How to deal with Momo: Advice for Parents

04th March 2019 - Attach A Tag

N/B - There is no picture of Momo in this article.


According to online rumours, Momo sends messages via Facebook, WhatsApp and YouTube videos encouraging children to do a series of dangerous things culminating in suicide.

A report connecting a child's suicide in Argentina to Momo appeared last summer, but it was never confirmed that Momo played a role in that suicide. The panic over Momo reignited this month after a couple of social media posts from concerned parents went viral, and tabloids and local news stations ran with the story.

Police have suggested that rather than focusing on the specific Momo meme, parents could use the opportunity to educate children about internet safety, as well as having an open conversation about what children are accessing.


Psychologist's advice to parents is as follows:

  • Show them the origin: The Momo figure, who has wide eyes and a creepily stretched-out mouth, is based on a statue called "Mother Bird" designed by Japanese artist Keisuke Aisawa for a special effects company called Link Factory. It is just a sculpture and has nothing to do with reality.

  • The game works by 'doxxing': This means it pretends it has information on a person it will use against them if they don't go along with what it says. Explain to your kids what doxxing is and reassure them that the game knows nothing about them. Doxxing is the Internet-based practice of researching and broadcasting private or identifiable information (especially personally identifiable information) about an individual or organisation.

  • Reassure them with love: Explain that no matter what the game tells them, that you will never reject them. Make sure they understand that even their most shameful secrets couldn't alter how much they are loved.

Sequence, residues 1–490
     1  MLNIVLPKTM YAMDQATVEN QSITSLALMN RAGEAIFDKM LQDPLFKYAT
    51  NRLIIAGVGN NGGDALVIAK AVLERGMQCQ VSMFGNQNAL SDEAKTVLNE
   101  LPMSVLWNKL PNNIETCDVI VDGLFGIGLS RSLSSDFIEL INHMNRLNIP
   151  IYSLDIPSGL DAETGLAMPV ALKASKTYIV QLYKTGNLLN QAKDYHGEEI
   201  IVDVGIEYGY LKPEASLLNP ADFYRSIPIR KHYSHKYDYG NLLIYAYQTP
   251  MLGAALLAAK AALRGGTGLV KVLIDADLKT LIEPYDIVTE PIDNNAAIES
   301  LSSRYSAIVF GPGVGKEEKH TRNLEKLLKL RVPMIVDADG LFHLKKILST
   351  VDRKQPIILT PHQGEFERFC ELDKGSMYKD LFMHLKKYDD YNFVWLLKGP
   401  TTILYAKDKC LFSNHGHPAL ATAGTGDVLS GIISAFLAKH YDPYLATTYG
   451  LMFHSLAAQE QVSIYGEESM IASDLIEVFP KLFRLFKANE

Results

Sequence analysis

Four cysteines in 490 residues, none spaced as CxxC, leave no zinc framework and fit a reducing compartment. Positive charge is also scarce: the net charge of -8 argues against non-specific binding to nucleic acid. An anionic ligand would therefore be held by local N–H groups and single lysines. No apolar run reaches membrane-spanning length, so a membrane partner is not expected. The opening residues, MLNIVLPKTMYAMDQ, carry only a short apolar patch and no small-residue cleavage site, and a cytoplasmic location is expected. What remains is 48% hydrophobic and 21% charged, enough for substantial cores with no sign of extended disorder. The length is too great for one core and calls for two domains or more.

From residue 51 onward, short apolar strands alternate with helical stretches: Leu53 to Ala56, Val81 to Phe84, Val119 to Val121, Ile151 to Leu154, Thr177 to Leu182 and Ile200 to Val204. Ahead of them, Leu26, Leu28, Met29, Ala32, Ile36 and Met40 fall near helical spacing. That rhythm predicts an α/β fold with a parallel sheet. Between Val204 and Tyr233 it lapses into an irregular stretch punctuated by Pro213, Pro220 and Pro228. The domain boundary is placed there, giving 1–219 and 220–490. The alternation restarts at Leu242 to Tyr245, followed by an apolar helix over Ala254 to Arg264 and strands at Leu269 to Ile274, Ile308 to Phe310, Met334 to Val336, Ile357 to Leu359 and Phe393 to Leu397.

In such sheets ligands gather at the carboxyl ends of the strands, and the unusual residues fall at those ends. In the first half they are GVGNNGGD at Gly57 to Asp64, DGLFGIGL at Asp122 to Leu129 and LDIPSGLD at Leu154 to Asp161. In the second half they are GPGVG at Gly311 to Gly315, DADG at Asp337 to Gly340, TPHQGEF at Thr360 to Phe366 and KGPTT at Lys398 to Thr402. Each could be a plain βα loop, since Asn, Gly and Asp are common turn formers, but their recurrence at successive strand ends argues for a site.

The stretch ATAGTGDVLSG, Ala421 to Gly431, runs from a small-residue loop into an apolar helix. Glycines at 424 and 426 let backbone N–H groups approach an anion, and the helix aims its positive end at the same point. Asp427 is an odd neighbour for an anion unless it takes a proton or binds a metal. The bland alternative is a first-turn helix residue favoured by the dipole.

• Create a 'worry time opportunity' for them daily: Help young kids to write a worry down and pop it in a worry box. You can then chat about that worry the next day. Communication is key, so creating a daily space for this means you are on top of any issues.

  • Check their phones and gadgets: It's your right to spot check should you wish to. If you think your child may have been contacted or affected, then it's better to know.

  • Ask them about other kids' behaviours: Children are often very perceptive and will pick up on peers who are struggling.

  • Load an app on their phone: There are plenty of apps for parents to check children's online interaction, such as Qustodio.

  • Tell them predators exist, but monsters, like Momo do not: Remind them that there are bad people in the world - but not supernatural and certainly not Momo.

  • For more information on keeping your children safe online - visit the links below:

    NSPCC - Keeping Children Safe Online

    Suicide Prevention Line


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